Every year at Horn Law, we see a spike in teen driver accidents between Memorial Day and Labor Day. These approximate 100 days account for most of the summer, which is when teenagers have the ability to spend more time on the road. However, COVID-19 has created a unique set of circumstances, where summer came early for these young, inexperienced drivers, and now, they have even more time out on the road.
Why Do We See a Spike in Teen Driver Accidents in the Summer?
The reason more accidents involving teen drivers happen over the sum is that students are out of school. This means that more teens are driving around to see friends around town. Spending time with friends is a healthy activity for teens, but as your teenager drives with more people in the car, they are at a higher risk of getting distracted while behind the wheel.
Distractions like passengers and cell phones are all too common, especially in younger drivers. With friends in the car, teens might be more concerned with conversations, music, temperature controls, and a variety of other distractions that could lead to a serious automobile accident.
Additionally, these same students are no longer spending their evenings studying. Instead, they are out at night being social with other teenagers. Driving at night can create further issues for teen drivers. The first issue is that the darkness just makes it harder to see obstacles on the road. Another main concern for teen parents is drinking and driving, which is incredibly dangerous.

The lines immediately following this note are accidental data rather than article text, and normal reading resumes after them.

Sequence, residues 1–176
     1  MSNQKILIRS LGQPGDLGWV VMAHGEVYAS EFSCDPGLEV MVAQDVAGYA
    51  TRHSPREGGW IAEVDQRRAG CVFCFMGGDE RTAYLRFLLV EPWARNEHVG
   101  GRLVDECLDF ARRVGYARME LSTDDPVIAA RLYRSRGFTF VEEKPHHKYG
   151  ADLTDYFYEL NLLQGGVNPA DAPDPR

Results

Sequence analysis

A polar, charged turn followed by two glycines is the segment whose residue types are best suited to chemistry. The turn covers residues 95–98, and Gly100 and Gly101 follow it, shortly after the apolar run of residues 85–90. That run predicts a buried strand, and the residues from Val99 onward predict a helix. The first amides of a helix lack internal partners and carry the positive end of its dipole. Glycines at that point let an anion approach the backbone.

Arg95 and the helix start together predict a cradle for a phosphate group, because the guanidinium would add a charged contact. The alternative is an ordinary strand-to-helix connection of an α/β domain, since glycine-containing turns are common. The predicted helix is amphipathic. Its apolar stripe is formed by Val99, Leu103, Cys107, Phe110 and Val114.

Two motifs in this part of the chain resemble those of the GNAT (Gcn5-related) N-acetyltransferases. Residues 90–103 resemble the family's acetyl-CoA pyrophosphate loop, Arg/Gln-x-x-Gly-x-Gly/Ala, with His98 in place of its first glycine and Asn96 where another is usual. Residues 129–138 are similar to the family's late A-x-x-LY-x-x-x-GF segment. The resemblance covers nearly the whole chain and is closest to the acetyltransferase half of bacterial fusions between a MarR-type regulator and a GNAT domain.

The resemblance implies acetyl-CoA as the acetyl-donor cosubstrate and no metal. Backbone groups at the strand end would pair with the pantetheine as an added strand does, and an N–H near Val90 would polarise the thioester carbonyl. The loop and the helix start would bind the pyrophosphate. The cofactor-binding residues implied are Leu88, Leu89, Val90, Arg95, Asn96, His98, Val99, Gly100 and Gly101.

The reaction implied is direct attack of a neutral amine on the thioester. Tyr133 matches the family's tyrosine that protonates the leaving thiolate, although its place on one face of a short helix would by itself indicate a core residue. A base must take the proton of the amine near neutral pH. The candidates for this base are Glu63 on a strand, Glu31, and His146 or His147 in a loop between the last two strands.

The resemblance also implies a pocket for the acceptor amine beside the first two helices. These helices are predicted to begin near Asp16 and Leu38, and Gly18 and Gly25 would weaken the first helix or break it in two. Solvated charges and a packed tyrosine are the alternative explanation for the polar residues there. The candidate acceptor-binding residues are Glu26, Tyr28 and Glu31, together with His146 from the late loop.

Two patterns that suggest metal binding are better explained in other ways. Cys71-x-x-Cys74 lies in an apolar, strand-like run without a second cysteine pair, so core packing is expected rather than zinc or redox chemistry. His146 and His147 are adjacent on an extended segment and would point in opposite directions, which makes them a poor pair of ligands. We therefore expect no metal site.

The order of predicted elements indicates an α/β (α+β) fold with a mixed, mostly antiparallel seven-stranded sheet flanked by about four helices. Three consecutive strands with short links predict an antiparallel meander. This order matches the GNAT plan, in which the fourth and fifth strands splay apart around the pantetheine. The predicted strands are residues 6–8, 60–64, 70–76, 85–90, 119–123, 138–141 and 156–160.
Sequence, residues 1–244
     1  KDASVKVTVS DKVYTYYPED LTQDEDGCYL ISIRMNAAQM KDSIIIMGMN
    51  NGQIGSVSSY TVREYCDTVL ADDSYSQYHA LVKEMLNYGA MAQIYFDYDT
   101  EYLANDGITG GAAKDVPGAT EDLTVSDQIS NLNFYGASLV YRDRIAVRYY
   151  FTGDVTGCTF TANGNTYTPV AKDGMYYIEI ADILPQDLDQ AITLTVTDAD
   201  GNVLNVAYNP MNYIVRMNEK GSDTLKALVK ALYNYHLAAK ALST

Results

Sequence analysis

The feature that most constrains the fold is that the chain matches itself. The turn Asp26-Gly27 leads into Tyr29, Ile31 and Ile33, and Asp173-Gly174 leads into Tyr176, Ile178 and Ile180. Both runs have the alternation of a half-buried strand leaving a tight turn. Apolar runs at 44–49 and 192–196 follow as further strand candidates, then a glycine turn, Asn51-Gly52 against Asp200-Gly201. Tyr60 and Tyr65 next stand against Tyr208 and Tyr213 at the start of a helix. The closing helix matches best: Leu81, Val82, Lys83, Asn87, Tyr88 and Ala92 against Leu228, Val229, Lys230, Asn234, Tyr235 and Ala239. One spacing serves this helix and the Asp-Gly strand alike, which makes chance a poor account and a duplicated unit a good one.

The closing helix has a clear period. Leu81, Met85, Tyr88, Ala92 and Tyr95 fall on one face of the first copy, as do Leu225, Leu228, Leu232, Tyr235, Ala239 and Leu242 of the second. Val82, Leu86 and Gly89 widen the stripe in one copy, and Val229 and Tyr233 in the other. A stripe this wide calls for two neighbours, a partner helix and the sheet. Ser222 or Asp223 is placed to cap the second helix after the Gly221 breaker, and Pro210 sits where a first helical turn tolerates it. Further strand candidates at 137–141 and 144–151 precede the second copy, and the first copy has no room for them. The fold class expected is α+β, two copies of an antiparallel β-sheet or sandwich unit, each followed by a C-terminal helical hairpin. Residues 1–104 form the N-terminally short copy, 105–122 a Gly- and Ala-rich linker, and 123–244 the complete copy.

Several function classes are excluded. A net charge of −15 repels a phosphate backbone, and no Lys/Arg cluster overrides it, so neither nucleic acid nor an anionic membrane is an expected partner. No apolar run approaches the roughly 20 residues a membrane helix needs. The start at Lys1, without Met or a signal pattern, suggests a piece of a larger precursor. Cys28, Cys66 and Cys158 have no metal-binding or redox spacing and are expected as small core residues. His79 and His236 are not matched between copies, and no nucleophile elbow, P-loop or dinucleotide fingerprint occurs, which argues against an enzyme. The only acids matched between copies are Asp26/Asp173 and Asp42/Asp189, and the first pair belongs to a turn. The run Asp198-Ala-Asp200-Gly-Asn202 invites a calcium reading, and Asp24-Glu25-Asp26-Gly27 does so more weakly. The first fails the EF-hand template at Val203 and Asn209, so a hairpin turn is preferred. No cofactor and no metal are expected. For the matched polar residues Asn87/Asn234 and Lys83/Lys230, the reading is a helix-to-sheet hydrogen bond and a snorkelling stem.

What Changes with COVID-19?
The coronavirus is bound to create a bit of an issue with teenagers on the roads this summer. Unlike other summers, many teenagers may forego a part-time job at a grocery store or restaurant where they might risk exposure to the virus. This means that teens will have a lot of free time to cruise around to visit friends or go to retail stores, summertime recreation, or any other activities that they normally wouldn’t be able to enjoy due to school.
Extra free time is bound to lead to more joyriding, especially when regular hangouts are closed for business due to the coronavirus shutdown. If you live in an area that doesn’t have a lot of open businesses, your teen might pass the time by cruising the streets.
Why Is This a Problem in Missouri?
Missouri parents are likely concerned about their teenagers behind the wheel during the summer months. Parents are rightfully worried about their children. In Missouri, there is no requirement for drivers’ education, which means that some teenagers are underequipped to be out on the roads without adult supervision.
Additionally, lax seat belt laws, including the lack of a primary seat belt law, in Missouri mean that some teenagers don’t feel obligated to wear a seat belt, which could be the difference between life and death in an accident.
Finally, not all police districts or individual officers enforce the teen driver texting ban, because there is no universal distracted driving ban in the state.
How Can You Protect Your Teenager?